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Year : 2018  |  Volume : 5  |  Issue : 2  |  Page : 60-63

Fluids in acute kidney injury

Consultant Pediatric Nephrologist, SRCC-NH Children's Hospital, Mumbai, Lilavati Hospital and Research Centre, Mumbai and Jupiter Hospital, Thane, India

Correspondence Address:
Uma Ali
Consultant Pediatric Nephrologist, SRCC-NH Children's Hospital, Mumbai
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Source of Support: None, Conflict of Interest: None

DOI: 10.21304/2018.0502.00375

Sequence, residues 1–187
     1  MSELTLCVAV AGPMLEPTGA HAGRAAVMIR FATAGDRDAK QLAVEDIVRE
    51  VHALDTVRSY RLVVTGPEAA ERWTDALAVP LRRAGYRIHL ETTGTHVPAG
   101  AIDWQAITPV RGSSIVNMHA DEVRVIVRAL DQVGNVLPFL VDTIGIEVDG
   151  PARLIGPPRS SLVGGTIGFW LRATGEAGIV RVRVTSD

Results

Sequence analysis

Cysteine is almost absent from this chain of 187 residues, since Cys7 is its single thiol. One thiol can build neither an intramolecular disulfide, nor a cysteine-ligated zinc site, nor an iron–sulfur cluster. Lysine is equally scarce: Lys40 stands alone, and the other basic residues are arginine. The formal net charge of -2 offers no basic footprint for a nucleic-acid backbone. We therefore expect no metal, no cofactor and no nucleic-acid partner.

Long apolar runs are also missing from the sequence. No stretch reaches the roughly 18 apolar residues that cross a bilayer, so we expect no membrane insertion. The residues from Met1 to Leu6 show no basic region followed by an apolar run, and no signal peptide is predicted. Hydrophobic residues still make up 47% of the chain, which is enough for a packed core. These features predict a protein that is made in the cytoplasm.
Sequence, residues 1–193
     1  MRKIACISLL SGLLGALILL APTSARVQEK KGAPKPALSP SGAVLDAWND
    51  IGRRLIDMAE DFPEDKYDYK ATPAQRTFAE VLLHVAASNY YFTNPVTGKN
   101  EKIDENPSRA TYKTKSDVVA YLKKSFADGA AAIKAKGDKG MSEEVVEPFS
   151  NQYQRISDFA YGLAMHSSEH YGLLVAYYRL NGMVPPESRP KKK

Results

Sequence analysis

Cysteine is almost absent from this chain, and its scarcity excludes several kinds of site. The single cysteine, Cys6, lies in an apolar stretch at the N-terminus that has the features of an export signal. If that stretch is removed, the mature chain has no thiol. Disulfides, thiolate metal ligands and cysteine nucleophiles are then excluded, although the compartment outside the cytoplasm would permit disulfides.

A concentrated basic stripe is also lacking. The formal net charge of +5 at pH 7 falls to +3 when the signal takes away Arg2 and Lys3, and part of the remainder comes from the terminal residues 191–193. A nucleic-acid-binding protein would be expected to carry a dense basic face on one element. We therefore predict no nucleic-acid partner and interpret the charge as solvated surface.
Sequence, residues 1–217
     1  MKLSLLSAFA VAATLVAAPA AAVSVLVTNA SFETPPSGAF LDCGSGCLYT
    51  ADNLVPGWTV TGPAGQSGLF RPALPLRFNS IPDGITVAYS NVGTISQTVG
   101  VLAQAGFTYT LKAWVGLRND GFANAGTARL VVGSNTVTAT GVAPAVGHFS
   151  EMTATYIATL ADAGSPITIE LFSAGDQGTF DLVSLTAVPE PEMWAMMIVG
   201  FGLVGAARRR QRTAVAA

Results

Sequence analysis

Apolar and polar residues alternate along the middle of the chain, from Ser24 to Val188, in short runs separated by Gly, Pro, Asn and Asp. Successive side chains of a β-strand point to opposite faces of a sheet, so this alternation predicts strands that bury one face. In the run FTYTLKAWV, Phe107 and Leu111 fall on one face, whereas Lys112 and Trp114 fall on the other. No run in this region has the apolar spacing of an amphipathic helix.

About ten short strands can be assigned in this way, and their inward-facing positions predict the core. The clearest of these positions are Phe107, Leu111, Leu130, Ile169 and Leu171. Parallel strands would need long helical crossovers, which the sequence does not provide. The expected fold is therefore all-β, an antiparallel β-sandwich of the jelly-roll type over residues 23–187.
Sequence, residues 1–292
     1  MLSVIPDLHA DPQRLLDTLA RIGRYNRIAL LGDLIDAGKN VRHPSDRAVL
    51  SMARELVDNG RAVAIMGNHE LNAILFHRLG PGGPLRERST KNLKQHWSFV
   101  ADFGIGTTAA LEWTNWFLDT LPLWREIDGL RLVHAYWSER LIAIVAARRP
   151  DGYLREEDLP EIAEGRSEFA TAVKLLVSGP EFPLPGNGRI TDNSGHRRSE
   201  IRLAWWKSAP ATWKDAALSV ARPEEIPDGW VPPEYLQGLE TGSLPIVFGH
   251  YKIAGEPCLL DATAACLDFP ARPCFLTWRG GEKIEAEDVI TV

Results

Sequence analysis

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Early restoration of euvolemia is the initial step in the management of critically ill children and is important for preventing acute kidney injury(AKI). Isotonic crystalloids are the preferred solutions for fluid resuscitation. Repeated boluses of normal saline may lead to hyperchloremia, renal vasoconstriction and renal injury. Balanced solutions have a physiological advantage and there is evidence to suggest that resuscitation with balanced solutions may be associated with lower incidence of AKI. Synthetic colloids such as starches cause renal injury and should be avoided. Albumin can be used judiciously along with crystalloids to limit fluid overload. Fluid resuscitation alone prevents AKI only in 50% of the critically ill patients. Fluid overload as well as rapid fluid administration may adversely affect the kidney through injury to the glycocalyx. It may lead to intrarenal edema and a compartment-like syndrome compromising renal perfusion. Repeat fluid bolus should only be given when there is evidence of ongoing hypoperfusion and the bedside hemodynamic assessment suggests fluid responsiveness, provided the patient is not at high risk for fluid overload. Moderate fluid resuscitation combined with pressors may restore renal perfusion better than fluids alone. In established AKI, diuretics have a limited role. Timely institution of renal replacement therapy leads to optimum fluid management. Overzealous fluid removal should be avoided to prevent hypovolemia and recurrent renal injury.

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